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lard oil

a colorless or yellowish oil expressed from lard, used chiefly as a lubricant for cutting tools.
Origin of lard oil
1835-45 Unabridged
Based on the Random House Dictionary, © Random House, Inc. 2015.
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Examples from the Web for lard-oil
Historical Examples
  • They were lit at night with tallow-candles, which were mostly made by the housewife herself, or by lard-oil glass lamps.

    A Boy's Town W. D. Howells
  • Cocoanut-oil, lard-oil, and olive-oil have also been used in lighthouses.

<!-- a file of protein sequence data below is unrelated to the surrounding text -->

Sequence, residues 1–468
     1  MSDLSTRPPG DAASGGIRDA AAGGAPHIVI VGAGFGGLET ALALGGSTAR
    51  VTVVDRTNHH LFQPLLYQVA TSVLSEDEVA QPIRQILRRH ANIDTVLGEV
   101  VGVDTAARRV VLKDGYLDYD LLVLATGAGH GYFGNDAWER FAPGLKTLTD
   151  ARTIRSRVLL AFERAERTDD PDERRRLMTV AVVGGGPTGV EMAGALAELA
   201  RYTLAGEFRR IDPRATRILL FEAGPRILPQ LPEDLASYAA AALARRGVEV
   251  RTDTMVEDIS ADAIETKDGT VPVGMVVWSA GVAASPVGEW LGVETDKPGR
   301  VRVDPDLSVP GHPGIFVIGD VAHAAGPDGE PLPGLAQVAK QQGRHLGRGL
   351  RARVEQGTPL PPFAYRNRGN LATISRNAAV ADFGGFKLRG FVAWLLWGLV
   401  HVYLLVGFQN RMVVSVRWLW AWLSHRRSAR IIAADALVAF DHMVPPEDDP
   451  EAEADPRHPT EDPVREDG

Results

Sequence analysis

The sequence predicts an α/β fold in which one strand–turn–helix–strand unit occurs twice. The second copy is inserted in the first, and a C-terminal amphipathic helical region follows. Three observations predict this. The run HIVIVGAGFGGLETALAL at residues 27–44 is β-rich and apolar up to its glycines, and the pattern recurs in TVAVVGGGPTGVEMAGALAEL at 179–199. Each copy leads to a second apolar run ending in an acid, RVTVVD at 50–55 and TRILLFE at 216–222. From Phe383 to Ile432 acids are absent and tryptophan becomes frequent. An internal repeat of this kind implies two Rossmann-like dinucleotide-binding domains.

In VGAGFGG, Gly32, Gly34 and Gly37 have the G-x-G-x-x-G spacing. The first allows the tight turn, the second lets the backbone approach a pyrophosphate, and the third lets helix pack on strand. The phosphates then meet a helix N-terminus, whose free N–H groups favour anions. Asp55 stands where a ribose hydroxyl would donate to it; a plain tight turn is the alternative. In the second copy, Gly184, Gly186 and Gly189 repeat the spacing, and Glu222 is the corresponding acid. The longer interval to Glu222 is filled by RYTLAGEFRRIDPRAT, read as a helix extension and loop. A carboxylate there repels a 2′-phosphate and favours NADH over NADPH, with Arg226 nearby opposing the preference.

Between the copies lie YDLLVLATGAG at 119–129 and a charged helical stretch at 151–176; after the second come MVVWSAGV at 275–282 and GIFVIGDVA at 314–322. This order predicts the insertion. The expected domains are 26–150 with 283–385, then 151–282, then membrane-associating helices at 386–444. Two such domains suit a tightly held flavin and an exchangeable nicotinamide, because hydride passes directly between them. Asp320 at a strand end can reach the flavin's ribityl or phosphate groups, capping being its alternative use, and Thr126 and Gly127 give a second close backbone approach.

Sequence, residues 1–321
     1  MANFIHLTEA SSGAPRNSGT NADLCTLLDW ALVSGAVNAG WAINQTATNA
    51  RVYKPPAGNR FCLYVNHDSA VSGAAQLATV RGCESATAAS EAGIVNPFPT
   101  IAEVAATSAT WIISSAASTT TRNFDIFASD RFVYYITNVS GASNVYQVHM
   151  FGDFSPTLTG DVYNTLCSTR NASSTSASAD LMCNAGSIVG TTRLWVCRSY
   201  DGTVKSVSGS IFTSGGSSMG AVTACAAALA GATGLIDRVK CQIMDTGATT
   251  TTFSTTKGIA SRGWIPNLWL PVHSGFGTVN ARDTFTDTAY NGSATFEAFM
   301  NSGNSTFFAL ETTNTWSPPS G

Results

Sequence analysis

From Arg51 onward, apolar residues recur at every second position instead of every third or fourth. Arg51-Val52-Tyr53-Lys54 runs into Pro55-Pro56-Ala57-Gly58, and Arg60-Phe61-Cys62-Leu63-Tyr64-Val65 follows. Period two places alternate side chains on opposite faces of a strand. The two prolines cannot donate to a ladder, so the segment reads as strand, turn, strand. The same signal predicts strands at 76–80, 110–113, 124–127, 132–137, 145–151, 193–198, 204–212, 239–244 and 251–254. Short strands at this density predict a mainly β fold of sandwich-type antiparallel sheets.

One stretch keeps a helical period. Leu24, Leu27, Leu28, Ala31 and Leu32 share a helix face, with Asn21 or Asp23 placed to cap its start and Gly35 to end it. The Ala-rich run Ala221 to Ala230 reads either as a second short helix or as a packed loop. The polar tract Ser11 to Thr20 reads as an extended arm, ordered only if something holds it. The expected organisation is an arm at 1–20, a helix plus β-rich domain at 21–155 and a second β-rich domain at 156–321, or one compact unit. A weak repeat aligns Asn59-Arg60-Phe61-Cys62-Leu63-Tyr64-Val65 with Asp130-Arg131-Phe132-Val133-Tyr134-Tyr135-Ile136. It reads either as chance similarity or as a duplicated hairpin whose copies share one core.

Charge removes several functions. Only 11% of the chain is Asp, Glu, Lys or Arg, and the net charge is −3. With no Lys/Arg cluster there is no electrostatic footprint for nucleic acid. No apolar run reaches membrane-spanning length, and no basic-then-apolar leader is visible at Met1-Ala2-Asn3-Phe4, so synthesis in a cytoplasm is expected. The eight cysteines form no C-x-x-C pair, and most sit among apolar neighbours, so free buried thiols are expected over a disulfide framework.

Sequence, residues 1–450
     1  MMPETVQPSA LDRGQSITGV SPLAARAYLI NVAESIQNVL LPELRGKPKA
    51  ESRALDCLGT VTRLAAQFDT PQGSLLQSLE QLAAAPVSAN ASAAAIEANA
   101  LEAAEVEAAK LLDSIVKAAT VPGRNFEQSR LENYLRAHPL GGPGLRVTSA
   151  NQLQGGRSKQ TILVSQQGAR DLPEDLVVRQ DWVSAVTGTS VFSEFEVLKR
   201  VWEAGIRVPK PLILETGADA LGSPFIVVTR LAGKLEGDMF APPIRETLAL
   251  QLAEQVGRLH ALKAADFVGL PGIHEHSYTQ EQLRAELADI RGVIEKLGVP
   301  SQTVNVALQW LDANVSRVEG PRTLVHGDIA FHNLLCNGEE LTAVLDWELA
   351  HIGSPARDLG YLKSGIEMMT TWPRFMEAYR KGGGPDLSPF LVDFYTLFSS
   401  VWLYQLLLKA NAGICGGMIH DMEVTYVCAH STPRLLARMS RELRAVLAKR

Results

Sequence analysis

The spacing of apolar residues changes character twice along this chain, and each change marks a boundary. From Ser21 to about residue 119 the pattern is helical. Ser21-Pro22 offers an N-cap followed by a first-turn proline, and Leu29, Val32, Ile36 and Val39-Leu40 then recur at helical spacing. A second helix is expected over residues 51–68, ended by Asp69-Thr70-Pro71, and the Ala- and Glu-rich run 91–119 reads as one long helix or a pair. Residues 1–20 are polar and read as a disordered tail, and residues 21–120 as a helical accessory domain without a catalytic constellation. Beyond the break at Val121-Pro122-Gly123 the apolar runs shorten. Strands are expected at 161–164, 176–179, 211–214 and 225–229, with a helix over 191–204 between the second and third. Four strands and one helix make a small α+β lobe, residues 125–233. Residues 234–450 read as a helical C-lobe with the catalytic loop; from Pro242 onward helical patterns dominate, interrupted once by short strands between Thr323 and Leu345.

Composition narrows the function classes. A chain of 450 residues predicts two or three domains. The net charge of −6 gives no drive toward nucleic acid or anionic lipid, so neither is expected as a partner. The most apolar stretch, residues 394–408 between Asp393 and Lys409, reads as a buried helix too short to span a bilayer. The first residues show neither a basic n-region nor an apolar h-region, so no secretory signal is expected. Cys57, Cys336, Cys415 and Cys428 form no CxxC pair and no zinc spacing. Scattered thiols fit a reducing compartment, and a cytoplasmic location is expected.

Artificial Light M. Luckiesh
  • The polishing is done by means of hard, wooden rubbers, provided with a plentiful supply of lard-oil and emery.

  • Until he was seven he had been allowed a bit of glimmer, a tiny wick floating in a silver dish of lard-oil, for a night-light.

    Long Live the King Mary Roberts Rinehart
  • This street and the water-front were lighted--twilighted--with lard-oil lamps; the rest of the place was dark.

    Kincaid's Battery George W. Cable

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